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Author: GRC Practice Director, Alex Hollis.

Blog Series Introduction

In this Third Party Risk Management blog series, Alex Hollis will guide you through developing effective information gathering for third parties using five key steps to the formulation of a third party questionnaire. The webinar is available on-demand via BrightTALK here.

There are five key steps to the formulation of a third party questionnaire:

  • Requirements – establishing the needs of the organization both in terms of the risks that need to be managed and the compliance needs from regulation and any stakeholder commitments.
  • Research – obtaining an understanding of the types of information needed to satisfy the requirements and prioritizing the needs among the various types of third parties the organization has.
  • Planning – consideration for the method, structure, and number of assessments (this can also include non-questionnaire approaches such as audits and interviews)
  • Writing questions – Formulating the actual questions themselves and the method of response.
  • Testing – Obtaining validation and identifying any areas of improvement.

In the eleventh installment, Alex will explore the positives and negatives to using an open question in your questionnaire, detailing the techniques on how to get the most reliable answer from your respondent.


1. Provide appropriate space for answers

The size of the writing area is an indication to the respondent how much detail you are looking for in response to the question. A short box is suggesting a short answer. A long multi-line box is suggesting you are looking for the respondent to share more information.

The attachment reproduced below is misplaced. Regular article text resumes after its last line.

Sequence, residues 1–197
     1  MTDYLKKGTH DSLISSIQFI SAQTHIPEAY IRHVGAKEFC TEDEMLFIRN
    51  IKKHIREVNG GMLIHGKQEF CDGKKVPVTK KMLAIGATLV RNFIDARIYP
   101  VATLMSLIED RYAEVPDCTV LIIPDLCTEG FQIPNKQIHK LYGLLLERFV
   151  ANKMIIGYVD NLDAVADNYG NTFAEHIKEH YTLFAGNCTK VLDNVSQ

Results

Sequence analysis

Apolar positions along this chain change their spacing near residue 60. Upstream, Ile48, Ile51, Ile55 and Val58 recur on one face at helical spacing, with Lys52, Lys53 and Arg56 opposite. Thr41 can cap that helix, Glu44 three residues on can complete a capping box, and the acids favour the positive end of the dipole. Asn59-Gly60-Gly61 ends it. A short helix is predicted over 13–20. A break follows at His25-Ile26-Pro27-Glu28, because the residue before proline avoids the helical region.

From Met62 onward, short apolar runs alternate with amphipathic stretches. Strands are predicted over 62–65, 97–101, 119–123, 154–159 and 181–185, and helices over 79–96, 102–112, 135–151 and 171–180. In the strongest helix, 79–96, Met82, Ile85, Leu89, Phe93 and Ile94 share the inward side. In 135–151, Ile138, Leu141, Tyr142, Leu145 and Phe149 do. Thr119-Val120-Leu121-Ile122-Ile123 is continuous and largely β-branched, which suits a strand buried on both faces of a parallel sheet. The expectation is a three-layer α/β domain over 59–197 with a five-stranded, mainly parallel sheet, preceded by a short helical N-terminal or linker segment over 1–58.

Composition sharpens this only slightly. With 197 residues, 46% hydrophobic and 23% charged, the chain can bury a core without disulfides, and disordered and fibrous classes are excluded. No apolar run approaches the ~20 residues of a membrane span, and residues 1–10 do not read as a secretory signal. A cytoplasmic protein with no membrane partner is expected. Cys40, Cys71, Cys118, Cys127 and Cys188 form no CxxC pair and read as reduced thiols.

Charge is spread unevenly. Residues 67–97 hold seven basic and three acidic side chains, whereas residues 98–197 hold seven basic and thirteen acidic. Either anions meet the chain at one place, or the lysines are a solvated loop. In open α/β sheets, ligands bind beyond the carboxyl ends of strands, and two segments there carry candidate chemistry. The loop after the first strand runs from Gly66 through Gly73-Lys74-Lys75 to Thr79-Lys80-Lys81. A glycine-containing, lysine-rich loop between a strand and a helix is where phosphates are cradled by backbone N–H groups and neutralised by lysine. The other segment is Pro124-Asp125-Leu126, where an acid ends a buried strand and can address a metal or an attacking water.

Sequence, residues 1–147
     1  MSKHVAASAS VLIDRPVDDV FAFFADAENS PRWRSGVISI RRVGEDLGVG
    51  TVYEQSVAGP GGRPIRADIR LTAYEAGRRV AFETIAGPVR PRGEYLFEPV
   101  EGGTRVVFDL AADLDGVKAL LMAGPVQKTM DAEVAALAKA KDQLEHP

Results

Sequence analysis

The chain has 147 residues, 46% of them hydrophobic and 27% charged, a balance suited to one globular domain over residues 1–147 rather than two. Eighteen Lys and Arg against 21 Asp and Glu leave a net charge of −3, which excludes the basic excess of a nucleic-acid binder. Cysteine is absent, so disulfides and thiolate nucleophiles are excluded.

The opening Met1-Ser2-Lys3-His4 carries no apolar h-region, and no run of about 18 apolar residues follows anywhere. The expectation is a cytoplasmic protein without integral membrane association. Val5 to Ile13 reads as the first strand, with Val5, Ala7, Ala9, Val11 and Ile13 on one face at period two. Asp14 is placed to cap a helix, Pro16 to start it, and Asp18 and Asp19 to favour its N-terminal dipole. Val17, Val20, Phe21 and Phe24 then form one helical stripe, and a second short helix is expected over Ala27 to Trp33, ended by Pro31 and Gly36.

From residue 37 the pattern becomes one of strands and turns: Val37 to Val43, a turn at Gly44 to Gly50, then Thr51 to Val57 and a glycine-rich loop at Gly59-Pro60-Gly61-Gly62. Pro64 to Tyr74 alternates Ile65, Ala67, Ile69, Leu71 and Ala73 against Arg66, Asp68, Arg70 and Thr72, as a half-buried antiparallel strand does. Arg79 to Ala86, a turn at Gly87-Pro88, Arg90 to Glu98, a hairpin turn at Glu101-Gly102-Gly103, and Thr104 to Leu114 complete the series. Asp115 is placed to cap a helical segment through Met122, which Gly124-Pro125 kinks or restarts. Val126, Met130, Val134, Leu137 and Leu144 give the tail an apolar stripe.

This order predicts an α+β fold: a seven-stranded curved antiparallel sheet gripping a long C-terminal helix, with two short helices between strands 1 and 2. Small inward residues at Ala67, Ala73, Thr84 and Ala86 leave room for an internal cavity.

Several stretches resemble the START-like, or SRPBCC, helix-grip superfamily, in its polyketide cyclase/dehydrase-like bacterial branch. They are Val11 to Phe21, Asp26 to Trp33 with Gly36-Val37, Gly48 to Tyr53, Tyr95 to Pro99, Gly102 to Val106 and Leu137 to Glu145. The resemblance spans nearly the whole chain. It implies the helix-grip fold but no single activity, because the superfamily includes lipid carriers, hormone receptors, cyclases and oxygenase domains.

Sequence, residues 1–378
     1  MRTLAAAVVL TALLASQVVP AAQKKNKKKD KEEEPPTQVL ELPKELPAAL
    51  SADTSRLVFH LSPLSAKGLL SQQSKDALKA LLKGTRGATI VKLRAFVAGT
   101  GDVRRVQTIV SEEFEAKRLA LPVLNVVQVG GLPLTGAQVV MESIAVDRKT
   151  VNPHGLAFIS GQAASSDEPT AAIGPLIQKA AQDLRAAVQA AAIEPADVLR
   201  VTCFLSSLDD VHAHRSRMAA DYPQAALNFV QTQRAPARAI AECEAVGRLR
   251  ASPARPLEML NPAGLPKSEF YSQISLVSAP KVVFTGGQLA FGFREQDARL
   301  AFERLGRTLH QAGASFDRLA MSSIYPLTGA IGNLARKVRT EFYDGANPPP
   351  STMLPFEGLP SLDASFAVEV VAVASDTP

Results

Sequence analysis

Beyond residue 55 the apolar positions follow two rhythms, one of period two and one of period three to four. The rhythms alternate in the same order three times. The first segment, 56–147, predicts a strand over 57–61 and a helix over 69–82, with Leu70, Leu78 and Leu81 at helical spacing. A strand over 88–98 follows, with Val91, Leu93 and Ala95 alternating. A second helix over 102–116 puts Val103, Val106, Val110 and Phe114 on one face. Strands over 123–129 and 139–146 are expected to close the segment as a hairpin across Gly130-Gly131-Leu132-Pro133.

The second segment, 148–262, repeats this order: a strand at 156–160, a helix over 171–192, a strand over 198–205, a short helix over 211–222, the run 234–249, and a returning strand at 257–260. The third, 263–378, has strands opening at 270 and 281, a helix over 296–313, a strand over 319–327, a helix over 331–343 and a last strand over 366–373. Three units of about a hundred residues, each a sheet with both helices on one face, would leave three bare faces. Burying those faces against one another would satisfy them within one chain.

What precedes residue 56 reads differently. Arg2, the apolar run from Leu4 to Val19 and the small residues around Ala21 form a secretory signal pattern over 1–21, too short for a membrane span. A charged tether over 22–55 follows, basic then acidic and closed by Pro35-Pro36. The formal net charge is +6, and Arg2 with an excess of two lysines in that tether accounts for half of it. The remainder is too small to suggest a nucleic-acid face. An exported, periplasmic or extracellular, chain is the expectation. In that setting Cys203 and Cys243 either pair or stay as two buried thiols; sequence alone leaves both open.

There is a lot of benefit in collecting a detailed response; however, it is costly in terms of the assessment fatigue of the respondent and will require more effort during the review to read and comprehend.

2. Recognize the limitations of this type of question

An open question on a questionnaire allows a respondent to provide a directed but open response. Given the nature of the questionnaire, the time the respondent spends will be limited, and there is no opportunity for follow-up questions.
Worse if the question is vague in nature, the answer given will provide very limited value.
To improve the question, you should be as specific as possible and then spend time thinking about those follow-up questions in advance and build those prompts into the question text.
If you are finding that there are a number of these open questions, then consider changing the survey type to something more interactive in nature, such as an interview.


3. Consider adding an introductory statement to improve the quality of the responses

One way to get respondents to provide longer answers is to elaborate on why the data is important. Smyth, Dillman, Christian and McBride (2009) conducted experiments and found that introductory statements resulted in more words, more themes and more elaboration on themes and more time spent answering the questions. It primes the mind.
When asking open questions, try to include the details about the risk that is being evaluated and why it is important to the organization.


Next week…

Stay tuned for next weeks blog which will be the last blog in the series TPRM Blog 12- Testing Your Third Party Questionnaire. The blog will discuss the steps that should be taken to test your questionnaire before you run your third-party assessment.

To view the previous blogs in the series click here.

See you next week!


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